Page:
By 1926, the frenzied Roaring Twenties was in a full-throated roar. God was in His heaven, Calvin Coolidge was in the White House, and all seemed well with the world. Personal income was on the rise, new consumer goods were pouring into the marketplace, and Americans had been given a painless new way to pay for all those flivvers and Frigidaires. It was called the installment plan. “The business of America is business” was the way Coolidge had put it just a year earlier, in a speech to the American Society of Newspaper Editors. “Silent Cal” seemed to have a point: Wall Street was actually running America's show, and the nation appeared to be flourishing. Few foresaw the financial disaster that loomed only three years down the line.
Amid the self-indulgence and the widespread preoccupation with material possessions, Americans took time in 1926 for a “party” with deeper significance: July 4, 1926 marked the sesquicentennial, or 150th anniversary, of the Declaration of Independence. This milestone inspired a national celebration which included the production of two special coins by the U.S. Mint.
The Declaration's centennial in 1876 had led to the staging of a lavish exposition in Philadelphia. No special U.S. coins had been issued then, however, for at that time Uncle Sam wasn't making commemorative coinage; the practice didn't start until 1892. By the mid-1920s, the U.S. Mint had issued more than a dozen commemoratives, and it was a foregone conclusion that new ones would join the list for the nation's 150th birthday party. Initially, in fact, the National Sesquicentennial Exhibition Association envisioned a whole series of coins with designs portraying highlights from throughout U.S. history, but that ambitious concept never got past the talking stage.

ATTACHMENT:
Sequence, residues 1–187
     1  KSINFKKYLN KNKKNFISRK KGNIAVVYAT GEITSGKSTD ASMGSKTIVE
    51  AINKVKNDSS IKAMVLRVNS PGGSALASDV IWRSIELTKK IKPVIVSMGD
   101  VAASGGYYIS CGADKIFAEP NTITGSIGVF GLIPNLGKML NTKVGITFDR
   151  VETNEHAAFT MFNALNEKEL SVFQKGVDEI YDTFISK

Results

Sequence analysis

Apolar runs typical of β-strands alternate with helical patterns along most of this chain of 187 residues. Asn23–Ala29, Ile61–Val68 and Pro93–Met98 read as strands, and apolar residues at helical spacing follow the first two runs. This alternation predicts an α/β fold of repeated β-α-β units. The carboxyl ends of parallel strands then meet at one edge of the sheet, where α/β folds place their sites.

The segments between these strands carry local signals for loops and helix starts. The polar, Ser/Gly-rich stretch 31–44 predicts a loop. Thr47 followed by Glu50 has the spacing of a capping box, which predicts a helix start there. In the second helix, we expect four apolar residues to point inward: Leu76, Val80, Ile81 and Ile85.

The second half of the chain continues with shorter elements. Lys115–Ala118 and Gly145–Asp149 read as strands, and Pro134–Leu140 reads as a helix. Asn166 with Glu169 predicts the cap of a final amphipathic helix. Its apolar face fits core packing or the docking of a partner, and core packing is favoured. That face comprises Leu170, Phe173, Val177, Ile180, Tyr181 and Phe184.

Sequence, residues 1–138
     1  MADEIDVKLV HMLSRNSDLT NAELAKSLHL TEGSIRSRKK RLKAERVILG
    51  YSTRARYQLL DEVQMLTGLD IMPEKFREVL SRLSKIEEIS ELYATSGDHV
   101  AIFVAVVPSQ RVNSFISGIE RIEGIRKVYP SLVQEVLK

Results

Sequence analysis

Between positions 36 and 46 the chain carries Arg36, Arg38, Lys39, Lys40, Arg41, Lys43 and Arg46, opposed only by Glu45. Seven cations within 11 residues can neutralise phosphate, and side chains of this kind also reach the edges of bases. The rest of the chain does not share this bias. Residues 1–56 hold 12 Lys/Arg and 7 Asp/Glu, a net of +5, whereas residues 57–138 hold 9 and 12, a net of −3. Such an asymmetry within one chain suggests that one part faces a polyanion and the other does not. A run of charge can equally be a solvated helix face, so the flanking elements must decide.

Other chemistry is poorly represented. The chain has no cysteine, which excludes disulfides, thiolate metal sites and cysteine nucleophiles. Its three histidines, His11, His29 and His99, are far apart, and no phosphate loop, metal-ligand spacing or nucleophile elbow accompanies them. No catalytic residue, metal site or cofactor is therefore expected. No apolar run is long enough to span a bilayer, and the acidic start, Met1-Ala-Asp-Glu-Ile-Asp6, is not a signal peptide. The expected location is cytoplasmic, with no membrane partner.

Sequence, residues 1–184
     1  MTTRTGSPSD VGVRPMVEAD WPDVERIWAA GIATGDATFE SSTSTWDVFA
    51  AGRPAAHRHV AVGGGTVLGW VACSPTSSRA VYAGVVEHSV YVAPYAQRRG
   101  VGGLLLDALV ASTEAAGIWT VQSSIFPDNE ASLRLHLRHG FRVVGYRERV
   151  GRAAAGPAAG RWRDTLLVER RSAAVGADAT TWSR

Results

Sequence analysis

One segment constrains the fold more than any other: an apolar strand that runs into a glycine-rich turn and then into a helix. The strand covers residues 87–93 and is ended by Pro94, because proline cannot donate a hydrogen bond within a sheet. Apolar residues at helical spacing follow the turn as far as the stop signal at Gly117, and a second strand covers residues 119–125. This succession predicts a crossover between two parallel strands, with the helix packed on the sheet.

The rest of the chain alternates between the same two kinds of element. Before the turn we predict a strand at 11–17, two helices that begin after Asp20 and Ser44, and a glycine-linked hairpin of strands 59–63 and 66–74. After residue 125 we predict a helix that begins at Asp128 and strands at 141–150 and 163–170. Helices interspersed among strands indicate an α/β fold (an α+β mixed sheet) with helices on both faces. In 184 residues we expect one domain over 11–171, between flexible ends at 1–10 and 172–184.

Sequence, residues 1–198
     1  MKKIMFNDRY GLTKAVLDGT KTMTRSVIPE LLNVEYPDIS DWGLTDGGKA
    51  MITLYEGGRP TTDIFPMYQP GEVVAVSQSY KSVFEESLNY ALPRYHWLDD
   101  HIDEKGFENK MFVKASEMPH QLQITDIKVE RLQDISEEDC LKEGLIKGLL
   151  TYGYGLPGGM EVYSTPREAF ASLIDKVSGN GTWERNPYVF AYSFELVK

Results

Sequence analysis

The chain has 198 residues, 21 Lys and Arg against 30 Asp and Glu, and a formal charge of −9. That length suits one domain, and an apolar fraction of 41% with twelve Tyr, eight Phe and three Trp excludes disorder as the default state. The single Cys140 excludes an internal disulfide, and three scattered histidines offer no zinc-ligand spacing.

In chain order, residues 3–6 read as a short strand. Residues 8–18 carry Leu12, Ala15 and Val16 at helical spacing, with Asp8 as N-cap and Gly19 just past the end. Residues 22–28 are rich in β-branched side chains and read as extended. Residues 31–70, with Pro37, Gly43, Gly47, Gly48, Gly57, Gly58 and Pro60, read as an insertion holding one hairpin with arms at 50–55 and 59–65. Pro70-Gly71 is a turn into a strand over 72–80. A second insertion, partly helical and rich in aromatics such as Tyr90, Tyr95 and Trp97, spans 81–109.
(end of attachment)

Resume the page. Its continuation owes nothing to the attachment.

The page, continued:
The original legislation did call for production of a $1.50 gold piece, a denomination not issued before or since, but that too ended up on the cutting-room floor. The bill passed by Congress on March 3, 1925, authorized the striking of up to one million silver half dollars and up to 200,000 gold quarter eagles. These were to be provided at face value to the Sesquicentennial Exhibition Association for sale in conjunction with the national observance of the occasion, which again would feature a fair in Philadelphia.